Pubblichiamo una risposta del segretario Pizzati ad un articolo critico del percorso di Indipendenza Veneta pubblicato sulla rivista cinese Global Times.
I was pleased to read a recent article on the Global Times that described the push for Venetian independence supported by thousands of people rallying in Venice. The article did a good job at describing memories of the Most Serene Republic of Venice that for centuries traded with the East, a Venetian Republic well known in China thanks to its most famous ambassador, Marco Polo. The article was not accurate when describing the political movement Indipendenza Veneta as a branch of the Northern League, the oldest political party present in Rome’s parliament. Most members of Indipendenza Veneta are young people, or generally persons who never were involved in politics, but that recently felt a duty to participate in the political process because of the drastic economic and political situation in the region of Veneto and its capital, Venice.
The reason I feel compelled to write in reply is the fact that I am called into question on not telling my supporters about the costs, political and economic, of running a new Venetian Republic. I think this is an excellent question, which is actually asked very often by newcomers that take the option of independence very seriously and not merely as a mean to protest a dire economic situation.
The fact is that a new Venetian Republic will have a population of 6-7 million people, which is not small at all for European standards. In fact, two thirds of countries in the European Union have a population between 5 and 10 million people. Denmark has 5 million people, Finland has 5 million people, Ireland has 5 million people, Norway has 5 million people, Slovakia has 5 million people. Nearby Slovenia has only 2 million people, and nearby Austria and Switzerland have 8 million people each. Most European countries have 10 million people: Belgium, Bulgaria, Czech Republic, Greece, Hungary, Portugal, Sweden. It is clear that a Venetian Republic would not be a small country, but it would have a proper size as a member of the European Union.
In fact, it is the presence of the European Union, a common area of free movement of labor, capital and goods, that lets small countries flourish even more than big nation states like Italy, Spain and the UK, who perhaps had a size advantage during the belligerent and colonizing 19th century. In a global economy political boundaries become less important, especially for the very integrated European Union, because for a firm the world is its economic boundary, no matter if your business is in little Slovenia or in big Italy, in little Denmark or in big Germany.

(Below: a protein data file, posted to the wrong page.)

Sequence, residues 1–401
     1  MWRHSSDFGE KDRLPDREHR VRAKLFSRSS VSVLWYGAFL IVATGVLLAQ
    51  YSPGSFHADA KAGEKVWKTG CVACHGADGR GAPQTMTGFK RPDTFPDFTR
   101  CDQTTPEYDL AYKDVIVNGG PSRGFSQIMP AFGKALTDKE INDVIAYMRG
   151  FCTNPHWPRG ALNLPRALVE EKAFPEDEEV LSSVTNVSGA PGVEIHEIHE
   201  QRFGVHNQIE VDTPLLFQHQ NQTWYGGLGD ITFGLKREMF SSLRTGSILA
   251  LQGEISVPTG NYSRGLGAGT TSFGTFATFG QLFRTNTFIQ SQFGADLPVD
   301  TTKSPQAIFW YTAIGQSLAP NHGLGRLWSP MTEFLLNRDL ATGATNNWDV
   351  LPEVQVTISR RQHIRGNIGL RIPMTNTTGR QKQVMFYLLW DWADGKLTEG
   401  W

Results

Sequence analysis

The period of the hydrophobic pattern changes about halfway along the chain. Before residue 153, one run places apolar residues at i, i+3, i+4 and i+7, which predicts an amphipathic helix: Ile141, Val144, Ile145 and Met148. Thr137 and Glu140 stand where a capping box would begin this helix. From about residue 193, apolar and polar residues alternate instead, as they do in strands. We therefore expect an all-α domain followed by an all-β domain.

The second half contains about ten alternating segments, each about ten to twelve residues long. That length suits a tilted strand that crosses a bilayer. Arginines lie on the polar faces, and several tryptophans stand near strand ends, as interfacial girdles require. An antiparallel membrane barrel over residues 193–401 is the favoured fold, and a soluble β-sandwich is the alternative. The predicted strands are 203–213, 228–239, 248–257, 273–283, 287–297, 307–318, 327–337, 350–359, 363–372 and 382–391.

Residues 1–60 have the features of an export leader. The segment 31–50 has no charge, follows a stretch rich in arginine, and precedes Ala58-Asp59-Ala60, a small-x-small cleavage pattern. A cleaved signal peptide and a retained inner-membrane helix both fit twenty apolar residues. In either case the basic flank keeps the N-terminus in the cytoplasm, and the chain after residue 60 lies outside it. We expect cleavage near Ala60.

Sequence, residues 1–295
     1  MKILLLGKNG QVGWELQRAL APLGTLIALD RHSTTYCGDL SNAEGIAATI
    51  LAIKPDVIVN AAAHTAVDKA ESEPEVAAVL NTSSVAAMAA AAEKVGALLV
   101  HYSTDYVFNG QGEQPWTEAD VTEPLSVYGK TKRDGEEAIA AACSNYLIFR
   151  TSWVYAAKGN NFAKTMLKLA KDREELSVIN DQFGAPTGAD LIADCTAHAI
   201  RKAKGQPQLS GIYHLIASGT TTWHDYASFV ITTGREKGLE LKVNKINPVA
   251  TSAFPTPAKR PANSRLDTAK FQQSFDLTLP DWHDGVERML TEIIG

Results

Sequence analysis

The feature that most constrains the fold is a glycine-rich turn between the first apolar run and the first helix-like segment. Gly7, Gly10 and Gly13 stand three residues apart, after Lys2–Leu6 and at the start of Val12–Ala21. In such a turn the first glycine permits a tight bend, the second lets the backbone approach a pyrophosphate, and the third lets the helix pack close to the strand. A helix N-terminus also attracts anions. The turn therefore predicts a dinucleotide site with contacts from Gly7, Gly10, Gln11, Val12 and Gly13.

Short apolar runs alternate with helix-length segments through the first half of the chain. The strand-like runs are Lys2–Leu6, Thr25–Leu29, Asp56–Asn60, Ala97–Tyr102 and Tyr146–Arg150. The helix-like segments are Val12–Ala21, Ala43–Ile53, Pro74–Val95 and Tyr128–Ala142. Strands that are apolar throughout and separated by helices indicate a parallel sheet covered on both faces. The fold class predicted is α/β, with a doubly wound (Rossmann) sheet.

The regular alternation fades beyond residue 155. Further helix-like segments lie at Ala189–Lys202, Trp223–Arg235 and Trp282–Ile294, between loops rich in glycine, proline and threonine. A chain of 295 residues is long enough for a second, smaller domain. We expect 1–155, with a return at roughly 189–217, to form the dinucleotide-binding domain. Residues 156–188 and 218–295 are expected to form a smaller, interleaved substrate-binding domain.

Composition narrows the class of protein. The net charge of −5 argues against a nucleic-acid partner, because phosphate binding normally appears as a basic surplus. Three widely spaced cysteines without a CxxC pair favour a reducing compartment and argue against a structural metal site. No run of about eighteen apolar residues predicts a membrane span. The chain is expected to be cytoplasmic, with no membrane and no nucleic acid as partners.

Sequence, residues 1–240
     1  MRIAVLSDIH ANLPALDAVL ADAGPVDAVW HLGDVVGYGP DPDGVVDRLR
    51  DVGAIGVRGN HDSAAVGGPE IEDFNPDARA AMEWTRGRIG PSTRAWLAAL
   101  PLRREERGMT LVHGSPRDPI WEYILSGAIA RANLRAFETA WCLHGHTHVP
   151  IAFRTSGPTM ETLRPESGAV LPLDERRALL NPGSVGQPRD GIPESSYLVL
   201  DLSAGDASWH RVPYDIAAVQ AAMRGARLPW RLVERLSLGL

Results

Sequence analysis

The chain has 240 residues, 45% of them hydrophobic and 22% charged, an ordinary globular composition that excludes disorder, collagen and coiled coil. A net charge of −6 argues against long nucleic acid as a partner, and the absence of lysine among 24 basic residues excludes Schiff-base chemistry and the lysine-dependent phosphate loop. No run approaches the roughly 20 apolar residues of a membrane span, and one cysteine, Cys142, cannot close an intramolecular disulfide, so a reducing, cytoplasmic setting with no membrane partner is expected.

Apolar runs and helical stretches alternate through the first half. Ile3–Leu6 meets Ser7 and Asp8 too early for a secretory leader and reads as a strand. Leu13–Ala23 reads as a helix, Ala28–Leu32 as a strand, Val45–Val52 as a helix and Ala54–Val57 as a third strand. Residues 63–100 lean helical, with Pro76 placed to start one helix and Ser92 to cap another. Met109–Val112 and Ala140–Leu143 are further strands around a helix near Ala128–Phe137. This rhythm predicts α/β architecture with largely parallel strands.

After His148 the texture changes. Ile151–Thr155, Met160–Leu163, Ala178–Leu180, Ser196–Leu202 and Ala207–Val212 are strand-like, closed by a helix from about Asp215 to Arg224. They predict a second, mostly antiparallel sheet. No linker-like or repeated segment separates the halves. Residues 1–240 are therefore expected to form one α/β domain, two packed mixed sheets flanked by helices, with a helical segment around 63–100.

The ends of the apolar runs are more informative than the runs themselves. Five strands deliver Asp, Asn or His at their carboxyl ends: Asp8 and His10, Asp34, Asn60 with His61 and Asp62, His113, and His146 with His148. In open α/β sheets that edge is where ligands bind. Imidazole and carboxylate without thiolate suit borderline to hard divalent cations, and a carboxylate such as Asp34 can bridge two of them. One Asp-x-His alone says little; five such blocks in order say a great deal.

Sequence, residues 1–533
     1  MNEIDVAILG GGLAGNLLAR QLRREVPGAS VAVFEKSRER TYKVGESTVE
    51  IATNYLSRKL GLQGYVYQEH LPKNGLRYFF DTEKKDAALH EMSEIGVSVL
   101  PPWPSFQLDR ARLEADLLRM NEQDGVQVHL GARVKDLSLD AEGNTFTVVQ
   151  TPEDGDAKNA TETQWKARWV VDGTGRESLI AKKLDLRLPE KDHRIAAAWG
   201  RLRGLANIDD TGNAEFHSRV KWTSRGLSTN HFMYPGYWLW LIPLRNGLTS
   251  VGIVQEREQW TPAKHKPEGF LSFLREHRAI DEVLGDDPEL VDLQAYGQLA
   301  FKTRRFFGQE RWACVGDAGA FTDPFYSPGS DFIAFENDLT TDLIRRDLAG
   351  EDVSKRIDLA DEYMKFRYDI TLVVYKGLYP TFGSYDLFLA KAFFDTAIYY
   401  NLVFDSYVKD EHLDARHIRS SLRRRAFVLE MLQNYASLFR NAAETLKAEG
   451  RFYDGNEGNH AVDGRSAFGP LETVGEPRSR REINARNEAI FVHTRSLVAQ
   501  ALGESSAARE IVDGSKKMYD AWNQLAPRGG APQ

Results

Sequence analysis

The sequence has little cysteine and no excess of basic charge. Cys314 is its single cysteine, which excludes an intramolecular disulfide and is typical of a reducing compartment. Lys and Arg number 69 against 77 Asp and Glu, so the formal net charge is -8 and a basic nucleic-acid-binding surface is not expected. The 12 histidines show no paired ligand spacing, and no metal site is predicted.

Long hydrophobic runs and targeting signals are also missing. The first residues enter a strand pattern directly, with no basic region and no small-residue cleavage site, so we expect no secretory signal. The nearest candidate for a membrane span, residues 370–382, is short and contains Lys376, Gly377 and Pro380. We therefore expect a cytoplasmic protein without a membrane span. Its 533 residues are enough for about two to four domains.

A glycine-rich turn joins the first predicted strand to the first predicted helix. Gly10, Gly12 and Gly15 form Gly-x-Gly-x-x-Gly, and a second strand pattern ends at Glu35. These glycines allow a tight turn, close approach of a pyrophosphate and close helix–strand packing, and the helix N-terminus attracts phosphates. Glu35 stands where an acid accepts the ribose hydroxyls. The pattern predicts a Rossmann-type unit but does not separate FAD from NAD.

What makes a difference is that being part of the European Union has its economies of scale, making the political costs much lower for smaller countries. You get the benefits of a big community with a common currency, a common defense system, a common diplomacy, which are public services that would otherwise be more costly to run independently. At the same time though, you get a more efficient public service in a small country because citizens have a closer control on the political decision making.
This concept of a relationship between the emergence of new countries in a globalizing economy has long been observed and studied. Twelve years ago Alberto Alesina et al. gave an econometric backing to this theory in an academic paper published in the American Economic Review titled “Economic Integration and Political Disintegration”. This seminal research study then became a very influential book: “The Size of Nations” MIT Press, 2003. In essence, the creative destruction that is true for obsolete firms can also be applied to countries like Italy that are unable to reform themselves and are therefore impoverishing their citizens. Political boundaries are not eternal; they are set by people and may change due to a changing world.